P.S. The launch was WONDERFUL. Lots of people (75+), great people, and the positive energy in the room was palpable.
Maureen leads a blessing
By kate, August 25th, 2010
“There is more possibility than most of us are able to fully let in.” Evan Renaerts
Do you agree?
I notice that I am often busy with smaller things. Rather than being open to possibility and available for what a friend calls “spontaneous combustion” **, I am consumed by the status quo and its relatively comforting details.
I find this pattern is particularly strong when I face situations that are new or challenging. I don’t know what to do in a big picture sense, so I bury myself in something, anything, that is sort of related to the challenge, just to relieve the anxiety of not knowing what to do.
It’s the old: When in doubt, run in circles, scream and shout. I play it out in my own life, and I see it in organizations and in society as a whole.
That’s why I recently put the above quote in a place where I see it every day. It inspires me to set the intention to be open, present to possibilities, and in flow. It’s helping me be bolder, and to pay more attention to interruptions as messages that it’s time to do something different.
What intentions do you set each day?
** Spontaneous combustion is when things connect and take off in dynamic, generative and inspiring ways. A classic example is a conversation that connects dots and opens possibilities in a way that blows a person or situation to a next and higher level. It often involves reframing and breakthrough. I believe inner work makes spontaneous combustion available to us 24/7.
By kate, August 06th, 2010
This week I’ve made the transition to a new and bigger swimming pool — Vancouver’s just-opened state-of-the-art aquatic centre at Hillcrest Park. For the past 14 years, I’ve swum at Percy Norman — Vancouver’s first public pool — which closed its doors last Friday after 40 years.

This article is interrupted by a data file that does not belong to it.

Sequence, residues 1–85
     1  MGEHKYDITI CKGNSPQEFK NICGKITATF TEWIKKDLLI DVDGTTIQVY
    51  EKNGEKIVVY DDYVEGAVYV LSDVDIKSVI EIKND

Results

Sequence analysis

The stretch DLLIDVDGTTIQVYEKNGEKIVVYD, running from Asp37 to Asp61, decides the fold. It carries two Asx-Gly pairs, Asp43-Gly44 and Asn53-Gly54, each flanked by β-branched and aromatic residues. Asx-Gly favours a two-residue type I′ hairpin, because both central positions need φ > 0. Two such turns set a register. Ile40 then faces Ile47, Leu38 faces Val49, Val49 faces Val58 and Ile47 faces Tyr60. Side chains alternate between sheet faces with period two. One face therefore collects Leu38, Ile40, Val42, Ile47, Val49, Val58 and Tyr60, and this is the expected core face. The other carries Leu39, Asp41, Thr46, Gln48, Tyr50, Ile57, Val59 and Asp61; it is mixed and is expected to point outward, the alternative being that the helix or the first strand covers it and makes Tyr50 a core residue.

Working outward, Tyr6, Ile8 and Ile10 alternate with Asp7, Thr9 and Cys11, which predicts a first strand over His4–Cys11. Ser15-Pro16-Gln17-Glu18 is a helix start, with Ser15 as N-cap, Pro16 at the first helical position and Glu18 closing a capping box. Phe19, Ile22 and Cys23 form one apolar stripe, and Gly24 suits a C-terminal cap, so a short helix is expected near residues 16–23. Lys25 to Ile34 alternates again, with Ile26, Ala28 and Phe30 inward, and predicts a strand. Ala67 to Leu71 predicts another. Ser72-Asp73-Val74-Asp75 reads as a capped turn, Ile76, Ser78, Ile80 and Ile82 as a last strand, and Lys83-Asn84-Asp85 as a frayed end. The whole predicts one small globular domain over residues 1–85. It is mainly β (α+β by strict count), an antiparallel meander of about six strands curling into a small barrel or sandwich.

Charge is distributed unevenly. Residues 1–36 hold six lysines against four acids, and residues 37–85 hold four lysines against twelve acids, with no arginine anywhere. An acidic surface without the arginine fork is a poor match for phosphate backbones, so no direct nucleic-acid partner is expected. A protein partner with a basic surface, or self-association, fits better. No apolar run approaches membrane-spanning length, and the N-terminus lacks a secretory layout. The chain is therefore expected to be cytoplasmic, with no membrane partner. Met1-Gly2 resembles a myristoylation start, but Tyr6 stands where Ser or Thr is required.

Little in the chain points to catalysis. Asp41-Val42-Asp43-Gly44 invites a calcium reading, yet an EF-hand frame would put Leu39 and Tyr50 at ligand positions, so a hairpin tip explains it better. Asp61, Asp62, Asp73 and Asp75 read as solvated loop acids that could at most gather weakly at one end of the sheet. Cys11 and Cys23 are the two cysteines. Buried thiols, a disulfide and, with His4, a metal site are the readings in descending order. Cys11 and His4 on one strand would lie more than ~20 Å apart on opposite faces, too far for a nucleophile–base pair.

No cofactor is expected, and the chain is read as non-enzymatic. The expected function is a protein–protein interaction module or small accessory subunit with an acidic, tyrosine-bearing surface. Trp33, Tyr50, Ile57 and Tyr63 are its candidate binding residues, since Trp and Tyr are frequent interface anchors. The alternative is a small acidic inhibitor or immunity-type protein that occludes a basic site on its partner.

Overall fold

I mourn the loss of Percy Norman. It was a very special place, one where unusually friendly staff have cultivated community, and where I have loved recognizing each of the 6:30 am regulars, and knowing many by name.
Now seeing these same people at the new pool, we commiserate and compare notes. It is so different. The bigger scale is not as friendly. The showers are in cubicles, instead of one big shower room. We don’t begin to know everyone. We can’t greet each other as easily, as we’re spread out too far. There’s no longer a chalk board with corny and inspirational quotes.
As this first week has gone on, most, but not all, have begun to see good things about the new pool. We notice how many more people are swimming, and share news of the increased revenue. Neighbours who’ve never been to Percy Norman are showing up at Hillcrest. Three days each week lengths are a deliciously meditative full 50 meters. Sunlight streams in, and there’s almost a party atmosphere with music, play areas and a hot tub all in one big space.
I also can’t help but see the “flirt”: I’ve moved from a little pool into a bigger pool. Kinda like launching this blog/website and my new book.